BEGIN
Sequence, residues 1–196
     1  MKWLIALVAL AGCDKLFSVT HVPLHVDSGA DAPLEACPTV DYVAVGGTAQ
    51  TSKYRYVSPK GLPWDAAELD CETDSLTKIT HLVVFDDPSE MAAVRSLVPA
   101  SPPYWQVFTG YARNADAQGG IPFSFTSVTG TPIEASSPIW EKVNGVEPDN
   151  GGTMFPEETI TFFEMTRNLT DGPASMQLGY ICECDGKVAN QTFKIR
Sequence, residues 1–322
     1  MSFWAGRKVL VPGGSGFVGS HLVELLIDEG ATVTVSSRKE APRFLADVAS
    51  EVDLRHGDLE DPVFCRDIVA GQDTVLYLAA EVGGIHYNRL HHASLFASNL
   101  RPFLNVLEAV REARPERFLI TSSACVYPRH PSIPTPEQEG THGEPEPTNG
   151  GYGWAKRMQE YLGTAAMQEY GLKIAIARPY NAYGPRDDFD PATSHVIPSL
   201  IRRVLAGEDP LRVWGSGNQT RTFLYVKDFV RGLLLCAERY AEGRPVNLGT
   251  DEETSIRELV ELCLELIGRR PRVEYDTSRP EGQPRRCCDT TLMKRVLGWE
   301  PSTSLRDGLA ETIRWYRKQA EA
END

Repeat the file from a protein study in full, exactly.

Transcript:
Sequence, residues 1–196
     1  MKWLIALVAL AGCDKLFSVT HVPLHVDSGA DAPLEACPTV DYVAVGGTAQ
    51  TSKYRYVSPK GLPWDAAELD CETDSLTKIT HLVVFDDPSE MAAVRSLVPA
   101  SPPYWQVFTG YARNADAQGG IPFSFTSVTG TPIEASSPIW EKVNGVEPDN
   151  GGTMFPEETI TFFEMTRNLT DGPASMQLGY ICECDGKVAN QTFKIR
Sequence, residues 1–322
     1  MSFWAGRKVL VPGGSGFVGS HLVELLIDEG ATVTVSSRKE APRFLADVAS
    51  EVDLRHGDLE DPVFCRDIVA GQDTVLYLAA EVGGIHYNRL HHASLFASNL
   101  RPFLNVLEAV REARPERFLI TSSACVYPRH PSIPTPEQEG THGEPEPTNG
   151  GYGWAKRMQE YLGTAAMQEY GLKIAIARPY NAYGPRDDFD PATSHVIPSL
   201  IRRVLAGEDP LRVWGSGNQT RTFLYVKDFV RGLLLCAERY AEGRPVNLGT
   251  DEETSIRELV ELCLELIGRR PRVEYDTSRP EGQPRRCCDT TLMKRVLGWE
   301  PSTSLRDGLA ETIRWYRKQA EA